Last Updated: Mar 31, 1974
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Revolutionaries and the Fight for Legal Abortion
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Revolutionaries and the Fight for Legal Abortion (Mar 31, 1974)
Revolutionaries and the Fight for Legal Abortion
Mar 31, 1974
Every year, 800,000 women, i.e., one pregnant woman out of two, go through abortion in France. The women involved, or those who help them, risk jail sentences and heavy fines according to the still existing 1920 Act against abortion in France. So abortions are performed illegally, meaning at a very high cost, under dangerous conditions, and always with psychological and physical damage.
Since the publication three years ago of the “Manifesto of the 343” in which 343 women, mostly intellectuals and actresses, claimed that they had had an abortion in spite of the 1920 Act, the fight for the repeal of this criminal, hypocritical and medieval law has spread steadily. Some organizations in favor of the right to legal abortion have been set up (mainly “Choisir” and also the MLAC: Movement for Free Abortion and Birth Control) and they have already carried through a few spectacular and successful fights.
The law against abortion has been made futile by all the groups and personalities who have engaged in this fight, and who do openly what used to be done underground; by all those who have decided to publicly challenge the law and certain hypocritical authorities; and by all those who have boldly taken risks. The government is placed in an intolerable situation where it can no longer fulfill its task of enforcing the law. Those opposing this law have proved that an unfair law can be enforced only so long as it is obeyed by those whom it oppresses.
During the coming session of the Parliament which starts in April, the government will surely not be able to avoid discussion on this issue. Moreover, it is highly probable that the government will have to repeal the 1920 Act. But what will be put in its place?
We fully support that struggle, carried on by people from various backgrounds, for the repeal of the repressive 1920 Act.
The government is well aware of the facts on illegal abortions. Article 317 of the penal code, dealing with the prevention of abortion, starts with a cynically detailed list of the various “means of provoking an abortion... through food, drinks, drugs, artifice, violence, or any other means.” But while well aware of the desperate solutions to which so many women have recourse, and of the serious consequences for their lives, the government chooses to remain passive.
Under the present conditions, women have no choice but abortion. So, at a minimum, they should be allowed the best material and psychological conditions; women can do without the veil of shame thrown upon them by so-called French justice and the medical establishment.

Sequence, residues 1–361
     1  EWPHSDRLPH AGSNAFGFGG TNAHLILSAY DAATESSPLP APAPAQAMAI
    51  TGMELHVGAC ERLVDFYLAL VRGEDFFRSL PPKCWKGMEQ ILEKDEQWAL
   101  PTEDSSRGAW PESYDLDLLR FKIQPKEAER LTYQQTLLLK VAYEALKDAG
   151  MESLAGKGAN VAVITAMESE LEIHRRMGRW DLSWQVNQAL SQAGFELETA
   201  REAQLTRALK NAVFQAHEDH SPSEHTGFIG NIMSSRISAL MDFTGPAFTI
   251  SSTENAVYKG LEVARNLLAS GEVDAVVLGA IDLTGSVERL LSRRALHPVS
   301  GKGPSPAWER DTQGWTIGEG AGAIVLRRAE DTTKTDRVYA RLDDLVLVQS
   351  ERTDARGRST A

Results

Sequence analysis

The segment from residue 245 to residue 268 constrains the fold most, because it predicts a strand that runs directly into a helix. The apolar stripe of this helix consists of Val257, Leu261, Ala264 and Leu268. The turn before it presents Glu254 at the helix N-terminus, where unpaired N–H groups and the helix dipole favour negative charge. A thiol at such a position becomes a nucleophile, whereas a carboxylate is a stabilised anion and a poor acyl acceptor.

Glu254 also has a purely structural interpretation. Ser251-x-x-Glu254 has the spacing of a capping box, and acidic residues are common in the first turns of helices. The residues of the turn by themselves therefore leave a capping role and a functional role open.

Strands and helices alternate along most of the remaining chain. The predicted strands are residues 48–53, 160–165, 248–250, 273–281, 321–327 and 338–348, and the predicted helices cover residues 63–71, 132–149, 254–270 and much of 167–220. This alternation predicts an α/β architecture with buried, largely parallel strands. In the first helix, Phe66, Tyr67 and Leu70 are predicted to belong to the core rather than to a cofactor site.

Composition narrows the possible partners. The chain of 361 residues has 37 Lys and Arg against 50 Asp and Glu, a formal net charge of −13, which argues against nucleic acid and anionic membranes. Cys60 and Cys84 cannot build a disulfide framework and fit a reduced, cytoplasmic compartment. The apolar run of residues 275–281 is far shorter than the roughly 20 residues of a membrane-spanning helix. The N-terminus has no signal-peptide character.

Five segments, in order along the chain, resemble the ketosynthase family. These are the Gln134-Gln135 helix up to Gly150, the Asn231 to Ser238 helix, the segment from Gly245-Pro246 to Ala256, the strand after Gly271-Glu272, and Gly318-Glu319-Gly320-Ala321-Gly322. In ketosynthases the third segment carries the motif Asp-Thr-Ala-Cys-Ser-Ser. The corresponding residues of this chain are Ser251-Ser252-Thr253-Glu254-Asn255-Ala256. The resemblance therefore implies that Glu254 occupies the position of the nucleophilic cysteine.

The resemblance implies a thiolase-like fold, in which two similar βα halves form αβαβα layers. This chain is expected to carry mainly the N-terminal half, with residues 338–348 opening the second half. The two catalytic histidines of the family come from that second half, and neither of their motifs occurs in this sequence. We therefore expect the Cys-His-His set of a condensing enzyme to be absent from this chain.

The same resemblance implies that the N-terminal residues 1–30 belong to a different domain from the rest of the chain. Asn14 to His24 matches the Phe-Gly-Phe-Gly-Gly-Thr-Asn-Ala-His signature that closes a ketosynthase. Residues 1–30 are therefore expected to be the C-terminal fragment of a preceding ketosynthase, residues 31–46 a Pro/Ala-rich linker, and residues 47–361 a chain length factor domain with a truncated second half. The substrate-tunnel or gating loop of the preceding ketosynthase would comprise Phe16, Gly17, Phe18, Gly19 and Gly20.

At a minimum, the government and the system it defends should stop condemning women for what is its responsibility.
This is why we support the fight for the repeal of all repressive laws in matters of abortion, a fight carried on by people from different philosophical and political backgrounds, by Christians and by Marxists as well. But our solidarity with the people who expose all the hypocrisy and cynicism of the present government and of all the previous governments since 1920, does not imply that we share their point of view on abortion, birth control, and human life in general.
As Marxist socialists, we deeply respect life. Ours is not the fake respect displayed by hypocrites of all sorts; ours is not the supposed respect which tolerates racist crimes and wars, and only exposes crimes against baby seals, three-week old embryos and unfertilized ova. Ours is a deep respect for life in all its forms, a respect for human life as well as for that of fetal life. The upholders of capitalism talk about “overpopulation;” since Malthus, they have believed or pretended to believe that in parts of the world, people lead hard lives because of overpopulation. But socialist revolutionaries have always maintained that human society has enough control over nature to allow a boundless expansion of human life. Once again, so-called over-population problems are in fact the problems of a production system incapable of fulfilling the needs of the whole population, not because of a shortage of material possibilities, but because the capitalist organization of society prevents us from offering these possibilities to all mankind.
We stand against bourgeois Malthusianism in the matter of birth control. Some bourgeois states like Japan have set up ultra-liberal legislation in favor of abortion: there are 70 legal abortions in Japan for every 100 births. But this does not mean that we are against any form of birth control. The greatest freedom should be granted to all members of society, and in particular, women and couples should be free to decide whether or not they want children, how many and when. And this freedom presupposes that society provides them with the means to act accordingly.